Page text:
Now Tanim ran down the winding, endless halls of an unfamiliar house where one or more guests were… missing? kidnapped? dead?… and he hadn’t even had a chance to eat the particularly good looking tiramisu served for dessert. His mind preferred to focus on this mundane irritation as he ran around a hallway corner instead of the inexplicable events unfolding tonight or the unfamiliar panic constricting his chest. For that reason he didn’t register in time the sound of running steps approaching from the other side of the turn and crashed directly into Daren. 

“Fuck!” Tanim rubbed his jaw, then let out a breath of relief when he saw with whom he had collided. “Oh good, let’s get the hell out of here.” He grabbed his companion’s wrist to pull Daren along in the direction he had been running but before he could, Daren broke his hold and reached out to grip Tanim firmly by both upper arms. “It’s trying to separate us,” the man ground out, his usually level voice tense with genuine fear.

“What?” Daren’s words made no sense yet the alarm in them stoked Tanim’s panic anyway. Nothing scared his lover. Nothing.

Daren’s grip tightened, long fingers digging into his biceps. “The house,” he hissed, “is trying to separate us.”

#2561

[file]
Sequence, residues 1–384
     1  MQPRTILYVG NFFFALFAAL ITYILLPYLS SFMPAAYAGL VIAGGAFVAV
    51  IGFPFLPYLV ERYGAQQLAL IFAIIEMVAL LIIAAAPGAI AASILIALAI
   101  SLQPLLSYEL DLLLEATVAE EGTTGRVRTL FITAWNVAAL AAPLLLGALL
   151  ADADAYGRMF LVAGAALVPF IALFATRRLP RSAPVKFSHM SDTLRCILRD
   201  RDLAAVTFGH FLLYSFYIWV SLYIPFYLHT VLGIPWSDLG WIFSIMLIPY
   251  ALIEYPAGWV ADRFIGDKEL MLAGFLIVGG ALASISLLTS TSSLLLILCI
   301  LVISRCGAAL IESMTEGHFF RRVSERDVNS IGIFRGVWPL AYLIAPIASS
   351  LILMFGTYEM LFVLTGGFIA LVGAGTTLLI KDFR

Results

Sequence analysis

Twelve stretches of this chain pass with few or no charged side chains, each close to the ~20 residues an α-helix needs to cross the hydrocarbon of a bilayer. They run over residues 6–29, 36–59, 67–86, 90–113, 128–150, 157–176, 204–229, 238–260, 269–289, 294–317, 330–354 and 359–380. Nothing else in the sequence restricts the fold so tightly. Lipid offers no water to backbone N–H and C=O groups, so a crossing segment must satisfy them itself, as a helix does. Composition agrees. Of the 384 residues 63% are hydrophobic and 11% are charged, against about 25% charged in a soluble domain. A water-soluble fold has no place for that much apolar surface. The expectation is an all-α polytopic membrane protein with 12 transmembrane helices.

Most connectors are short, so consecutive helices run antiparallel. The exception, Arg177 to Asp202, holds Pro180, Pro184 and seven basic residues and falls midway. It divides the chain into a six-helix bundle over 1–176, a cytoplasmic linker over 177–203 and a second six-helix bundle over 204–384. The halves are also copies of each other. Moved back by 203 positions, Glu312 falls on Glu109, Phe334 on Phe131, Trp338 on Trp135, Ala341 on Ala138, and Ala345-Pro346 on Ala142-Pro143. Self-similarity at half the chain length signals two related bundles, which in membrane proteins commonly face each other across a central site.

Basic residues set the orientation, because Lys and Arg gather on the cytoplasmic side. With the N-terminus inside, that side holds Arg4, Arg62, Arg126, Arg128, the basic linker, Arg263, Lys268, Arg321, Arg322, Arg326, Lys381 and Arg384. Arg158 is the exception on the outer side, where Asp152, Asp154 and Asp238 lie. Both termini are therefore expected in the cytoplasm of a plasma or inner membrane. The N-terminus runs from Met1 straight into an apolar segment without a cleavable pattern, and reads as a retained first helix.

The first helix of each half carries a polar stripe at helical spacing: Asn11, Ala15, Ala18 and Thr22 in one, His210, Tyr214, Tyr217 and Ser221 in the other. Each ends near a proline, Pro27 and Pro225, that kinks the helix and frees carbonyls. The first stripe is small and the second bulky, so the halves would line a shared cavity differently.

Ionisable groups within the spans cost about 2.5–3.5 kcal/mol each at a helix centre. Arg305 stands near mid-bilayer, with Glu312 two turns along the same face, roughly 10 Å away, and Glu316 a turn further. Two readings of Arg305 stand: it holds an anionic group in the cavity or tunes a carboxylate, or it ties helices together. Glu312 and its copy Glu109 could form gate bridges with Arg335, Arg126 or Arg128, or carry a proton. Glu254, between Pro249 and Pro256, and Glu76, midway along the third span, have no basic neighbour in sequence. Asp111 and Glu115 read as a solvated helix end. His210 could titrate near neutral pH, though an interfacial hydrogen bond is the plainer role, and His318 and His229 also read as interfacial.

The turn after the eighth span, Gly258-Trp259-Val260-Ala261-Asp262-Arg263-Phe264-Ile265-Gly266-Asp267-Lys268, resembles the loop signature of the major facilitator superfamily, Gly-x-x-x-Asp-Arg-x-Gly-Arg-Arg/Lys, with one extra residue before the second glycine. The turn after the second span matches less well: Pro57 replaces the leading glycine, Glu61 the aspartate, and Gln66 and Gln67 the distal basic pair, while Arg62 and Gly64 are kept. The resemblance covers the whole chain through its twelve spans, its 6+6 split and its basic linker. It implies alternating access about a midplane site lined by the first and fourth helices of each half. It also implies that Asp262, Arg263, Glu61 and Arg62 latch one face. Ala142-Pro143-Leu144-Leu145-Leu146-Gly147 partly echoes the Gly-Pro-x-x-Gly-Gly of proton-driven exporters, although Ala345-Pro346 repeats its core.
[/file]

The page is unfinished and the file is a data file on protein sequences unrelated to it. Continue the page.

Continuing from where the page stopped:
Fever’s got him again, eyes rolling in sunken sockets as he mutters, I never asked you to follow me. Why did you follow me? You were supposed to stay behind, you don’t belong here, you’ve never belonged here. You have no idea what he’s talking about but you rarely do these days; you’re used to this feeling by now, the helpless concern when all you can do is be present with him and make sure those twitching hands don’t reach for anything sharp. I should have commanded you to stay, he hisses, and then his long fingers are fisted in your collar and his gaze is sharp and urgent as it pins you in place. It was my punishment, I never wanted you to follow me down here. Why did you follow me? And then, softer, Don’t you miss it? You have no idea what he’s talking about but you know what your answer would be if you did, so as you gently unclench those deadly, lovely hands you murmur, Of course not, darling. I only ever want to be beside you. I will always follow you. It’s not the answer he wants but he doesn’t argue, the fever’s worn him out. All he does is sink into your arms with a moan and let it pull him under once more.